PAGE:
Local officials also came to show support for a sustainable New York and held a press conference to address several environmental issues in the city.
“We need to do everything we can to accommodate the numbers of people coming here each year,” said Jeanette Sadik-Khan, the Department of Transportation Commissioner. “People move here instead of the sprawled out places like, dare I say it, Atlanta.”
“We’ve doubled the number of bike lanes in the last three years and we [public transportation] have the highest ridership since 1969,” she said. “New Yorkers already have one third of the carbon footprint of most Americans, so if you want to save the earth move to New York City.”
Growing and Greening New York is an exhibit that follows an average New Yorker throughout their day and addresses different environmental issues at different times during the day. It elaborates on the six subjects addressed by the Bloomberg Administration’s five-borough plan for sustainability by 2030.
Among the addressed topics are water, transportation, energy, open space, land, and climate change. The museum exhibit illustrates these issues.
An illustration shows water use of an average New Yorker’s morning, at around 7 a.m. when most people are showering and brushing their teeth. It moves later to 3 p.m. when many New Yorkers go to parks and open spaces. To show the benefit of this daily routine, the exhibit includes information on how open spaces benefit water and air quality.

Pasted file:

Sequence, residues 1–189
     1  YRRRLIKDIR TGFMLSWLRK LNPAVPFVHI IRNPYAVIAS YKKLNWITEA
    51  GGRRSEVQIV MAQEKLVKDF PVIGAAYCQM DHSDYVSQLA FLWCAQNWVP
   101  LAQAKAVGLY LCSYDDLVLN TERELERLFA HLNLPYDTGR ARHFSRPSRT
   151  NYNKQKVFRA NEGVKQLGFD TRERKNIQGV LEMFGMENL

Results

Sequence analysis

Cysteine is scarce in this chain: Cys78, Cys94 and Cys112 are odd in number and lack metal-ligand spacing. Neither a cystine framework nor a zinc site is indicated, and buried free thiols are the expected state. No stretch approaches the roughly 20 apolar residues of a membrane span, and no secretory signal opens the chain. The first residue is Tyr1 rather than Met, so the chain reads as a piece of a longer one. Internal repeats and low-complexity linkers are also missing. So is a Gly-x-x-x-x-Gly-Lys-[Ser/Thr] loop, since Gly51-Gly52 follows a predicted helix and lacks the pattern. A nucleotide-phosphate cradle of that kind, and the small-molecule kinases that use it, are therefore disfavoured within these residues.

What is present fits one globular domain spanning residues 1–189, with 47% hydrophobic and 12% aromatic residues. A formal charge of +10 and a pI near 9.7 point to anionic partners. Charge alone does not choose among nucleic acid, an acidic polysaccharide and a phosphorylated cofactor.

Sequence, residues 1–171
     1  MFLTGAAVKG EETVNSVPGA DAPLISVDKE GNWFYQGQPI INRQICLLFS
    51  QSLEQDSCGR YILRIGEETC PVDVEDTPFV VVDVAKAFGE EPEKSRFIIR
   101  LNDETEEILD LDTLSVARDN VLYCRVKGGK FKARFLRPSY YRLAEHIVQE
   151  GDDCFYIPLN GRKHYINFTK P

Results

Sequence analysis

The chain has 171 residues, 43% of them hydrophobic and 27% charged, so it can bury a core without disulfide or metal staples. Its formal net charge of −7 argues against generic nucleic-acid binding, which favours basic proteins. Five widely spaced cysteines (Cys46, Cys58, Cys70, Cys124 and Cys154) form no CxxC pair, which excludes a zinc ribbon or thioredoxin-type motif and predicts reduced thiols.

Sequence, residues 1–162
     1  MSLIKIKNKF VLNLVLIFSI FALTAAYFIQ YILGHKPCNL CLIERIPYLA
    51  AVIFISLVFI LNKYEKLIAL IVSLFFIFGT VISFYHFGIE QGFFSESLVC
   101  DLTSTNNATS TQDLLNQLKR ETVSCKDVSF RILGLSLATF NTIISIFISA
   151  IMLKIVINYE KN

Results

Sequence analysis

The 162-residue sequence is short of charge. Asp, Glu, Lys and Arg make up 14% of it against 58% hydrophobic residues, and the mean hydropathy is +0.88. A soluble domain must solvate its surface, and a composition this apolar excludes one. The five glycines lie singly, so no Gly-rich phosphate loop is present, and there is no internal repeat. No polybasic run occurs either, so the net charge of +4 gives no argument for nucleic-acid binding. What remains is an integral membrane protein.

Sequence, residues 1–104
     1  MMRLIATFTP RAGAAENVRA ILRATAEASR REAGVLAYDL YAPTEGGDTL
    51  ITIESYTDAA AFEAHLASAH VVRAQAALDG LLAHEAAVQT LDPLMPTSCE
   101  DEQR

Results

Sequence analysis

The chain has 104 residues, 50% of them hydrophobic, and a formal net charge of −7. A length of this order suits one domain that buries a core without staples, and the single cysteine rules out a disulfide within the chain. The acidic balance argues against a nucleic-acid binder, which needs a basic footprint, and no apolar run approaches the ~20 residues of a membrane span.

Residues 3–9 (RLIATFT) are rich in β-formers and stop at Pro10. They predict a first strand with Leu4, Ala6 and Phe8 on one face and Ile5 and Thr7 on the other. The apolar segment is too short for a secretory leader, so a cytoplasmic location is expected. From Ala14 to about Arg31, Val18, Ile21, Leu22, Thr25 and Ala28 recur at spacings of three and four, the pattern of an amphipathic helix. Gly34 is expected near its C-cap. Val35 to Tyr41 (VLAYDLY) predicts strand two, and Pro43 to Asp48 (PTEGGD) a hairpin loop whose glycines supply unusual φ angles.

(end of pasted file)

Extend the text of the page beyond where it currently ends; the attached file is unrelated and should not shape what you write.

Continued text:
“This important exhibition reveals how each of us can work with business and government to address the challenges posed by climate change, population growth, and other environmental issues. Growing and Greening New York is not only informative, it is empowering,” said Susan Henshaw Jones, the Ronay Menschel Director of the Museum, in a press release.
Other New Yorkers have taken a different approach to environmental sustainability—ride a bike.
“We now know that transportation is responsible for 50 percent of the air pollution that we breathe,” said Caroline Samponaro, the Director of Bicycle Advocacy for Transportation Alternatives.
The bicycle is gaining popularity in New York City and a resident of Copenhagen, Denmark was present to study the cities’ strategies to make it easier on those who want to make their daily commute on two wheels.
Not long ago the only people on bikes were delivery people and some commuters. There were issues about bikes hitting pedestrians on the streets and cycles lost their popularity for some time.
This is something New York cyclists hope to change.
“We have to get away from the embattled cyclist,” said George Bliss who is responsible for the proliferation of pedi-cabs in New York City. “We have to bring the upper class into this before the middle class will get involved. In Copenhagen, wealthy people will put on their work clothes and sit up straight on their bicycle like they own the universe on their way to work.”